Caesar, A Company, 4 Battalion, New Zealand Rifle Brigade
Caesar was a trained Red Cross bulldog that, before being killed in action, helped rescue wounded troops during the Battle of the Somme in 1916. Dogs were especially useful for helping stretcher-bearers find wounded soldiers in no man's land at night. Patricia Stroud wrote a book about Caesar's life, Caesar the Anzac dog, which was illustrated by Bruce Potter. more...
Floss the New Zealand Army rugby team mascot
Floss, a fox terrier, was the mascot of the New Zealand Army rugby team that toured England in 1917. She was famous for performing tricks, including skipping a rope and leaping a 14-inch hurdle to land on her hind legs. Apparently, she could also 'pray, go to bed, play a piano, count to five, sit at a table and give orders to the waiter, and take cover in an air raid.' more...
Pelorus Jack of HMS New Zealand
The battlecruiser HMS New Zealand was served by two bulldog mascots called Pelorus Jack. The first joined the ship in 1913 but was 'Discharged Dead' from the Royal Navy on 24 April 1916. Pelorus Jack the Second was on board the ship during the Battle of Jutland and achieved the rank of leading sea dog before his final discharge in October 1919. more...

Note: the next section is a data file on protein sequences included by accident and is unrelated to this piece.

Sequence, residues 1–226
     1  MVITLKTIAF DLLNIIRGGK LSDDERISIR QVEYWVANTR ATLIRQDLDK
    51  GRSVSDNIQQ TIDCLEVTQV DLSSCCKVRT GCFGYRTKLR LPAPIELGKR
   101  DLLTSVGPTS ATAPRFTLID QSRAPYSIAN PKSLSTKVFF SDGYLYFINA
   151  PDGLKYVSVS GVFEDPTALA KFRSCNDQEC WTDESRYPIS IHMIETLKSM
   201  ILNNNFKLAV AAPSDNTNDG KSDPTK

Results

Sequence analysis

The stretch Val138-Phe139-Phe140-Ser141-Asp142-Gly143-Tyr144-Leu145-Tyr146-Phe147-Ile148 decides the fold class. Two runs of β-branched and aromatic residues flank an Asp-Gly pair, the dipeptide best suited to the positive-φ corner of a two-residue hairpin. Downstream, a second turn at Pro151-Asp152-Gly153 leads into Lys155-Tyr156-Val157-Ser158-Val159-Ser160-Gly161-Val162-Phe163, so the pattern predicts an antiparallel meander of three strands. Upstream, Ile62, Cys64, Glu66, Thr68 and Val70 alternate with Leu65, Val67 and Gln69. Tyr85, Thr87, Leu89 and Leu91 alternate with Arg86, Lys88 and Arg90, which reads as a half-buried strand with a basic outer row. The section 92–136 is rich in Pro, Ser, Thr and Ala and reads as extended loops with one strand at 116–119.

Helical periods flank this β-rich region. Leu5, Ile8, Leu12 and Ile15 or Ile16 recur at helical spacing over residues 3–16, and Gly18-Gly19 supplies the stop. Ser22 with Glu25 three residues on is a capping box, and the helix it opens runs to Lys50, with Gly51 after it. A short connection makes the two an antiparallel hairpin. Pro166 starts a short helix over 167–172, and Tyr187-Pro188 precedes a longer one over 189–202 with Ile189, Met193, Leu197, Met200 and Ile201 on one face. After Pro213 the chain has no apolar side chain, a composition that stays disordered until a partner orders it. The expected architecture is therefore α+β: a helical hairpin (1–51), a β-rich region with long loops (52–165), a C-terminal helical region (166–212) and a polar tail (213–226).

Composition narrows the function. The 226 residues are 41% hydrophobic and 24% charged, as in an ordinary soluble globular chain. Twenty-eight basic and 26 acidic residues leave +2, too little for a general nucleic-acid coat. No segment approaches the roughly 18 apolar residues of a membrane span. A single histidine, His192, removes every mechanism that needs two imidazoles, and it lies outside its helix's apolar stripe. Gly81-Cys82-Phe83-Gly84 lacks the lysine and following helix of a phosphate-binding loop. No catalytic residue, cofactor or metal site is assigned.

Freda, 5 Battalion, New Zealand Rifle Brigade
Freda, the Harlequin Great Dan mascot of the New Zealand Rifle Brigade, was stationed with the Brigade at Cannock Chase, near Brocton in England. The 5 (Reserve) Battalion had been at Brocton since September 1917, and Freda was probably acquired there. She died in late 1918 and was buried at Cannock Chase. Members of the Brigade erected a headstone in her memory. more...
More First World War mascots
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Nip, Wellington Regiment
Nip was a brown spaniel owned by Trooper R.L. Evatt of the Wellington Regiment. After being wounded at least once, the dog was killed in action and was honoured with an obituary notice in the chronicles of the New Zealand Expeditionary Force.
Action, Wellington Infantry Battalion
Another spaniel that survived the campaigns in Egypt, Gallipoli and France was Action, which belonged to Colonel C.H. Weston of Wellington. Action was said to have been smuggled back to New Zealand in a kitbag. After surviving death and destruction at the front, Action was run over by a taxicab in New Plymouth.